02 SES 03 C, Competence and Professional Development
The last curriculum reform in Norway, theKnowledge Promotion, introduced more broad and general competence objectives in VET. Local schools and training establishments with their managers, teachers and trainers are expected to be professionals and responsible for interpreting the curriculums and transform to local plans, setting focus on content, tasks and working methods. The reform also terminated the use of standardized and national tests at the end of the school-based part of VET. Studies of teachers’ practices (Dahlback et al, 2012, Karstensen et al, 2009) display different educational and assessment models, varying from a taste of different trades to domain specific training and testing. Evaluations from OECD (Kuczera et al, 2008, Nusche et al, 2011) underline the strengths and weaknesses of the local responsibility. OECD asks for more consensual guidelines and assessment criteria along with a common understanding of what is expected and sufficient student performance.
The distributed responsibility requires common frames for discussions and interpretations. Such frames are often developed through local networks based on a tripartite tradition in VET. For new trades as service and health care, such networks are rare and the frame is more academic. Local adjustment is not a simple question of implementing national defined models and methods; it is also a question of finding and making new tracks together in communities of practice. Schools as learning organizations need their own models of understanding (Senge, 2000). Wider networks with stakeholders in VET may encourage new practices and reflections and support trade specific knowledge creation (Veugelers & O’Hair, 2005). The local variations can be seen as different versions of localism according to Hodgson & Spours (2012).
Students’ professional development can be understood as a process of becoming(Colley et al., 2003) and must be seen in a perspective of "expansive apprenticeship" (Fuller & Unwin, 2003) and lifelong learning (Guile, 2010). Schools and workplaces may engage in collaborative interaction in ways that foster mutual learning and remove institutional barriers to individual pathways from both education and work (Helms Jørgensen, 2009). This includes how feedback and career guidance become crucial parts of student-teacher communication. For teachers it is important to understand how vocational competences can be developed and vocational identities be formed (Heinz, 2009; Lahn, 2010). There seem to be different cultures for assessment across schools and companies (Tanggaard, 2004) and across trades (Friche, 2010). Both Tanggaard and Friche recommend assessment delinked from detailed and standardized schemes in favor of practical work tasks and work cultures. The relationship between identity, tradition and professional culture must be integrated in the training and assessment.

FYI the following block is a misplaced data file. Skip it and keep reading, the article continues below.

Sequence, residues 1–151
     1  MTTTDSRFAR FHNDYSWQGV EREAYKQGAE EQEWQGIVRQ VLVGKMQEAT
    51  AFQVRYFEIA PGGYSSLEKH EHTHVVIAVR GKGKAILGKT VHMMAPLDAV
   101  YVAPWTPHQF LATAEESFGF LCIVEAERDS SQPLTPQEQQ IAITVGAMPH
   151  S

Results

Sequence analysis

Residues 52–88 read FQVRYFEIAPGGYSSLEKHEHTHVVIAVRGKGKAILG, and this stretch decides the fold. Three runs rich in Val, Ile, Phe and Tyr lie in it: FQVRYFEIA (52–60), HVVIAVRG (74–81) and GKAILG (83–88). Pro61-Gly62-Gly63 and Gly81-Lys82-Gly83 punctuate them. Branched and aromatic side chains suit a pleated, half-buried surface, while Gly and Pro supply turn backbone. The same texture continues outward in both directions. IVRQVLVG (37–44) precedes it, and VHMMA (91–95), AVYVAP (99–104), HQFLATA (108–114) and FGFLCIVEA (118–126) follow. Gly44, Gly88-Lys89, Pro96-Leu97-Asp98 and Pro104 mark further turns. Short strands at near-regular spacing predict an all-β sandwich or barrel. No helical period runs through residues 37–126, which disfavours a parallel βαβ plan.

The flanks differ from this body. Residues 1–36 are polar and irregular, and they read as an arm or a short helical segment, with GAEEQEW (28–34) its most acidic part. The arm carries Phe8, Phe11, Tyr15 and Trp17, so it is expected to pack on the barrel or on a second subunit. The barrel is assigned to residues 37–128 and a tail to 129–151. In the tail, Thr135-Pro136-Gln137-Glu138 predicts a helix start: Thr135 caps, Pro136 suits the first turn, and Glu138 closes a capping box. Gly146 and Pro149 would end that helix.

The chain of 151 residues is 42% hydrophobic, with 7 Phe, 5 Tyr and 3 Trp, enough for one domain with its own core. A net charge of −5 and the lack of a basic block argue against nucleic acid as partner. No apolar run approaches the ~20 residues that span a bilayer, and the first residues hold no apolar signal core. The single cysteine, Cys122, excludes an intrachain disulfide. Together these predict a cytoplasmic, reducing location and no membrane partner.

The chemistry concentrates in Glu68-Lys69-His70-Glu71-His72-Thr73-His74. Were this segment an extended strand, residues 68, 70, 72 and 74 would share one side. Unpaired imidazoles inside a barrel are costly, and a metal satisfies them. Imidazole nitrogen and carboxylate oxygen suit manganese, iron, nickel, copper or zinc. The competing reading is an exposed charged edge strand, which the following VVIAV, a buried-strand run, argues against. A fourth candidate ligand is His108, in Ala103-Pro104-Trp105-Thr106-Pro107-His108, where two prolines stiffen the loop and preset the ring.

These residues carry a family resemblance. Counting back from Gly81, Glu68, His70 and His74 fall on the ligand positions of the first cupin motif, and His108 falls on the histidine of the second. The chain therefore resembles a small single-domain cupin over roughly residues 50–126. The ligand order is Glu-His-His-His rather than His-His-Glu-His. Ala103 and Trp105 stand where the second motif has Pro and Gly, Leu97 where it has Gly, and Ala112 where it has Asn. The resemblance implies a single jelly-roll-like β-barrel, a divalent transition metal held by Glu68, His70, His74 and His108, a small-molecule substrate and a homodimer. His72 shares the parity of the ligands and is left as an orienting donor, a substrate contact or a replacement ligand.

The research question in the present project is how and why the various actors interpret the curriculum and choose specific content and training methods: To what extent is the educational design characterized by collective processes? Are there differences between trades and between schools? How about the various stakeholders' own professional orientation and identity? And which assessment criteria are emphasized by teachers and schools? How do schools handle the tension between trade specific training and educating citizens?
Buland, T. et al (2012); Vurdering i skolen. Intensjoner og forståelser. Delrapport 1 fra FIVIS. Trondheim: NTNU & SINTEF Dahlback et al (2011): Yrkesdidaktisk kunnskapsutvikling og implementering av nye læreplaner. Kjeller: Høgskolen i Akershus, RU 1/2011. Friche, N (2010). Erhvervskolers evalueringspraksis. PhD avhandling. Aalborg Universitet, Institut for Uddannelse, Læring og Filosofi Fuller, A. & L. Unwin (2003) Learning as Apprentices in the Contemporary UK Workplace: creating and managing expansive and restrictive participation Journal of Education and Work, 16, 4, 407-426. Guile, D. (2010) The learning challenge of the knowledge economy. London: Sense publishers. Hodgson, A. & Spours, K.(2012) Three versions of ‘localism’: implications for upper secondary education and lifelong learning in the UK, Journal of Education Policy, Volume 27, Issue 2 Karstensen m fl (2008). «Vis hva du kan». Evaluering av tverrfaglig praktisk eksamen i Oslo. Oslo/Kjeller: Høgskolen i Oslo, Høgskolen i Akershus Kuczera, M., Brunello, G., Field, S. & Hoffman, N. (2008); Learning for Jobs. OECD Reviews of Vocational Education and Training Norway, OECD. Lahn, L.C. (2010) Professional learning as epistemic trajectories. In S. Ludvigsen and R. Säljö (eds.), Learning across sites. New tools, infrastructures and practices. Oxford: Pergamon. Lahn, L.C. & Nore, H. (2012) Tema 2: Innhold og vurdering. In H.Høst (ed). Kunnskapsgrunnlag og faglige perspektiver for en studie av kvalitet i fag- og yrkesopplæringen. Rapport 1 Forskning på kvalitet i fag- og yrkesopplæringen. Oslo: NIFU, FAFO & HIOA Nusche, D., Earl, L., Maxwell, W & Shewbridge, C. (2011); OECD Reviews of Evaluation and Assessment in Education NORWAY, OECD Senge, P.M. (2000). Schools that learn. London. Nicholas Brealey Tanggaard, L (2004); Evaluering som regulering af læring. I Tidsskrift for Arbejdsliv, 6 nr 4, s 57-75 Veugelers, W., & O'Hair, M. J. (2005). Network learning for educational change. Maidenhead: Open University Press.
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